After years of deferred vehicle replacements, the City of St. Louis is facing a shortage of refuse trucks. Although the refuse fleet includes 84 trucks, only 40 to 45 are fit to hit the road on an average day, and as a result the city is struggling to cover its 55 daily trash routes, reports the St. Louis Post-Dispatch.

The average age of the city’s refuse trucks is 10 years old, with the oldest trucks reaching 18 years, reports the Post-Dispatch.

Last year the city increased its monthly trash fees, and half of the revenue was used to purchase 13 new trucks. A 10-year plan proposed to the city would call for 76 new trucks.

Cara Spencer, an alderman for the city, posted a photo of an overflowing dumpster on Facebook, calling attention to the need for fleet funding.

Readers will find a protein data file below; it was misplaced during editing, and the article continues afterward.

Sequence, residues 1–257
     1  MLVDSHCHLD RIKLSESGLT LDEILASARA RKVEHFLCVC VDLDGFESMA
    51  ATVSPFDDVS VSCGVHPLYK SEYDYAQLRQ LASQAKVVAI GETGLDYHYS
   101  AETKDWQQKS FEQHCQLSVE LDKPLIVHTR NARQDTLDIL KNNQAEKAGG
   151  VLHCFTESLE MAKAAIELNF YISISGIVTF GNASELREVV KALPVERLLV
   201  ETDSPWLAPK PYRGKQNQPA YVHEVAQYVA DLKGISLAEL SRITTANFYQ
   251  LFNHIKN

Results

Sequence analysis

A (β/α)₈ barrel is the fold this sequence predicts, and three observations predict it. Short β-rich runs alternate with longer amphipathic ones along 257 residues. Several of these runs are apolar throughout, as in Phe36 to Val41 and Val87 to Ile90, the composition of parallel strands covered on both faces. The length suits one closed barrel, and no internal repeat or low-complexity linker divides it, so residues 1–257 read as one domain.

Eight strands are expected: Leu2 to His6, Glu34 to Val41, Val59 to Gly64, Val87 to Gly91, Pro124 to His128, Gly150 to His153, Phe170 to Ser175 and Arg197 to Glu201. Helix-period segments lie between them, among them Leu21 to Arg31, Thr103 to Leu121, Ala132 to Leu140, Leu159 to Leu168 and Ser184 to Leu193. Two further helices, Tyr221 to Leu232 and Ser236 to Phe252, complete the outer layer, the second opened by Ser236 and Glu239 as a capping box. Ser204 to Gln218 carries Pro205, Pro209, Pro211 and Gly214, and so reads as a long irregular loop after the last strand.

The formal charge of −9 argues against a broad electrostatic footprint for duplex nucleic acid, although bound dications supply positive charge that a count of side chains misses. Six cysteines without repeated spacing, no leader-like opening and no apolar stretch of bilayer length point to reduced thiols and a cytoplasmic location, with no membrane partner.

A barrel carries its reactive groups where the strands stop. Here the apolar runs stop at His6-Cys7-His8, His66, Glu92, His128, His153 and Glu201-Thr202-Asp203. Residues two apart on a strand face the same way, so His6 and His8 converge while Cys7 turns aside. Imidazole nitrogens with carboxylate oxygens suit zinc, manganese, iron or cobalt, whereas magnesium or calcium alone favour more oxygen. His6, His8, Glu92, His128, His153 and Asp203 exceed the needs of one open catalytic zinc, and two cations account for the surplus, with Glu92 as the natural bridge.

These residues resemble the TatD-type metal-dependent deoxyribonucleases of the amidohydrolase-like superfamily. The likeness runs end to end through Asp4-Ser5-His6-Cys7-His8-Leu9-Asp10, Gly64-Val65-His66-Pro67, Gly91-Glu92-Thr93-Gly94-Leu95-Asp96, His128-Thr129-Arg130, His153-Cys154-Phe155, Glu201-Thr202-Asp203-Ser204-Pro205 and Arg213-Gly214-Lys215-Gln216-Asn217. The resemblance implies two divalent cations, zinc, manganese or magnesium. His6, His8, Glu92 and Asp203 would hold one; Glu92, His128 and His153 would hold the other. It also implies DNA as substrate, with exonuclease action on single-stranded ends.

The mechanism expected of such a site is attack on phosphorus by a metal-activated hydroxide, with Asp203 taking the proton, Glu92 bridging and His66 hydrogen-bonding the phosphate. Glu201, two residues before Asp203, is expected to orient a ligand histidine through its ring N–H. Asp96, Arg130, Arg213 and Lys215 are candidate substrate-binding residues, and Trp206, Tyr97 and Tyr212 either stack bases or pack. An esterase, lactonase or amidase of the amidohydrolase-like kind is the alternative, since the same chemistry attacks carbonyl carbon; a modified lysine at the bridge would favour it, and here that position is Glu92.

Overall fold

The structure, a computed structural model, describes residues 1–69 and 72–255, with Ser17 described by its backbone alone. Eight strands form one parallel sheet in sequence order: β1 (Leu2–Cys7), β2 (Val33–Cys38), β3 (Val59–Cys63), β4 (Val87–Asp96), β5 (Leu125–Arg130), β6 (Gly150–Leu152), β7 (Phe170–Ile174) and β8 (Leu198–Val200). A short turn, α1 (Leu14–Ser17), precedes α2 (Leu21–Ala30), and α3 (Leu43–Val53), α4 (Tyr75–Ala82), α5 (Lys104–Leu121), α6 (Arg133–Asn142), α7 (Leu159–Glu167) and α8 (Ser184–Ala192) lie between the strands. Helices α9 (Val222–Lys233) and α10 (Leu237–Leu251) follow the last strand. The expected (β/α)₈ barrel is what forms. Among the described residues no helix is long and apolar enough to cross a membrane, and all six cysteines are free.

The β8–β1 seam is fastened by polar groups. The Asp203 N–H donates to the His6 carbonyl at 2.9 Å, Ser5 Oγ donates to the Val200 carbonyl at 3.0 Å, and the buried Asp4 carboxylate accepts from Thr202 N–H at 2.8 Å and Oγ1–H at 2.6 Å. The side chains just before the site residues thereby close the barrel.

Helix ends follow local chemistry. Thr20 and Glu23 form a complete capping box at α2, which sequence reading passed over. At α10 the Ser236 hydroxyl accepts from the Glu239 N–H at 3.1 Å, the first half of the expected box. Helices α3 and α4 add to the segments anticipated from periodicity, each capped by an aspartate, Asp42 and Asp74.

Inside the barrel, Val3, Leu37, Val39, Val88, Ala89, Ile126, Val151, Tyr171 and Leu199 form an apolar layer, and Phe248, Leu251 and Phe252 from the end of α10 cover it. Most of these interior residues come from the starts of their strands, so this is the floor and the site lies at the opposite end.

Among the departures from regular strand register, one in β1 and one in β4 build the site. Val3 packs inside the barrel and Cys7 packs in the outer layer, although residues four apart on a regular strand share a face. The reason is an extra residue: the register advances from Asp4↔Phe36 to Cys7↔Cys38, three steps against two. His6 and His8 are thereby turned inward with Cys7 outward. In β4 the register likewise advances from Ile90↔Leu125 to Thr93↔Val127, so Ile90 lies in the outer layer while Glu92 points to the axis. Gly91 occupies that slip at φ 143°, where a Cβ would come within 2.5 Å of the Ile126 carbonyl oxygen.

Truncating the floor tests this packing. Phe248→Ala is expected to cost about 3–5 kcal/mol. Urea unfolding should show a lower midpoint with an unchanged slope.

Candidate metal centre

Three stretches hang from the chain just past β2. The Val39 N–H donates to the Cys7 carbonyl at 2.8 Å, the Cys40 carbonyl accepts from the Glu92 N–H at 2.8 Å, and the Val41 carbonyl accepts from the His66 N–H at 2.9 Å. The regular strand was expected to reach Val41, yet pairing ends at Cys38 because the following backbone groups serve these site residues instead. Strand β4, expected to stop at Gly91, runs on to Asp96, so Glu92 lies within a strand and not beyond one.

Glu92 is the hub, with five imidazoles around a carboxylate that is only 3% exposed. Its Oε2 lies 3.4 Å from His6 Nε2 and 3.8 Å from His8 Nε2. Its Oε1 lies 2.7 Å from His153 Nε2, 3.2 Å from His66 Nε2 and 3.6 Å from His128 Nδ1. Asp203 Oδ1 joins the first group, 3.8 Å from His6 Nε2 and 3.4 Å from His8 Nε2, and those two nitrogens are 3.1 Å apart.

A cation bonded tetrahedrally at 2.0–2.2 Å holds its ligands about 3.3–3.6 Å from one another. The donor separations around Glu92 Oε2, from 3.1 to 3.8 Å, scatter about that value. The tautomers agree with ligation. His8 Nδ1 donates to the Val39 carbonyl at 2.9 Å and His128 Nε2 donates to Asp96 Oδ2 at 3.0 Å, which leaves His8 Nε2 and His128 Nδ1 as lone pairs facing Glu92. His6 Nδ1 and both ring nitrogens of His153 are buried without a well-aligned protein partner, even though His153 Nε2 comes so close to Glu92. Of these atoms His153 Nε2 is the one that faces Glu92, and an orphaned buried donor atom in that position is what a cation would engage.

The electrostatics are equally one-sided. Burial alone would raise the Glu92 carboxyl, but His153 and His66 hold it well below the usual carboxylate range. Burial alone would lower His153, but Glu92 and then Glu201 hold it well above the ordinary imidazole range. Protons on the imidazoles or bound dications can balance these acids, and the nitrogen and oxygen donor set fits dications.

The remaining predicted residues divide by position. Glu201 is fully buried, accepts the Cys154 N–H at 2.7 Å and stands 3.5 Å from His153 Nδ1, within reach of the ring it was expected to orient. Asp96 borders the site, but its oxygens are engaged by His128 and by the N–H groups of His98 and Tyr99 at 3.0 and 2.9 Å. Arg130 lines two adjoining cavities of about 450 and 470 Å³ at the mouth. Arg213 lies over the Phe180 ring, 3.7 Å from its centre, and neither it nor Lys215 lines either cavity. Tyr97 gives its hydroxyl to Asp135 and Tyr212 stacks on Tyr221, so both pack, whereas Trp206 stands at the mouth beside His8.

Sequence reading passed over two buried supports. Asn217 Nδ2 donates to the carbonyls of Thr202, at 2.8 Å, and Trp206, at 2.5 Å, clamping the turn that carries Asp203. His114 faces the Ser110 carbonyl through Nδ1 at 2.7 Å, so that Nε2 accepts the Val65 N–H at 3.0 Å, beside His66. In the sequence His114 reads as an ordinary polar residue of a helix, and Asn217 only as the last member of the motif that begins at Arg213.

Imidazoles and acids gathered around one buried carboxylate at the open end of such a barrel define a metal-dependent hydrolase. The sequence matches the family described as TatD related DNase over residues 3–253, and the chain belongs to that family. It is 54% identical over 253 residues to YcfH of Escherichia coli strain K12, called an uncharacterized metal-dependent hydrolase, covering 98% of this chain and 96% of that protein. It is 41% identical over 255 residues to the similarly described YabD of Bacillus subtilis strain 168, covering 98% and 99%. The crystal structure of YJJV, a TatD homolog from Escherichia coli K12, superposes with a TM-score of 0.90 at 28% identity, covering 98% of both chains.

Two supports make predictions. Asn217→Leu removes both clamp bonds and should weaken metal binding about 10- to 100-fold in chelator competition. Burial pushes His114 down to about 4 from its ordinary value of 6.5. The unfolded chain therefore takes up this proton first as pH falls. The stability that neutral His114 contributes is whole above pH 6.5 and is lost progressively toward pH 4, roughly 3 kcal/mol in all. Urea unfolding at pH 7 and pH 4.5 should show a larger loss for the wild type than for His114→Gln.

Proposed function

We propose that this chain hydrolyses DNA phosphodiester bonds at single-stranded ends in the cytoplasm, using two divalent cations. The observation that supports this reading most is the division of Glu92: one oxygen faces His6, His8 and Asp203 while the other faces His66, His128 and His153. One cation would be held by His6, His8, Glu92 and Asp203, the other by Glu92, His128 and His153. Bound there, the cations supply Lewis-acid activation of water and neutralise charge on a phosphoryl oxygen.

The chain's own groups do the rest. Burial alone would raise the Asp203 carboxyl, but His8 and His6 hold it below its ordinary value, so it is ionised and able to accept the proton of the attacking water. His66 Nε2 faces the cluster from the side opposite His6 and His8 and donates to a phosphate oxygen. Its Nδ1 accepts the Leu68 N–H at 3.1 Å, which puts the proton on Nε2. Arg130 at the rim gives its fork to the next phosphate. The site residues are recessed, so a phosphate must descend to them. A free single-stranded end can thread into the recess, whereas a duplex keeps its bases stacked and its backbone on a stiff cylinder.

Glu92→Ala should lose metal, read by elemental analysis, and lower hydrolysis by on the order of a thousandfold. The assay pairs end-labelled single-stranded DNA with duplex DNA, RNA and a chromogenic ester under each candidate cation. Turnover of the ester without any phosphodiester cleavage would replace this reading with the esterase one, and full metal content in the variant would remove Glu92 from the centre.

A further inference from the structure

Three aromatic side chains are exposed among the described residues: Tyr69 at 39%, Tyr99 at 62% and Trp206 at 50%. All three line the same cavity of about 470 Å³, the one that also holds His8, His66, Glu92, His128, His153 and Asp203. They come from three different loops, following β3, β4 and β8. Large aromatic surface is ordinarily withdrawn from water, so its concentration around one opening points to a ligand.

“We need to make room in our annual City budget for basic equipment [maintenance]. A decade of deferred [maintenance] does not smell good,” the post read. “Unfortunately we can only do so much with so much of our fleet inoperable.”

Related: Ind. City Debates In-House Refuse Collection

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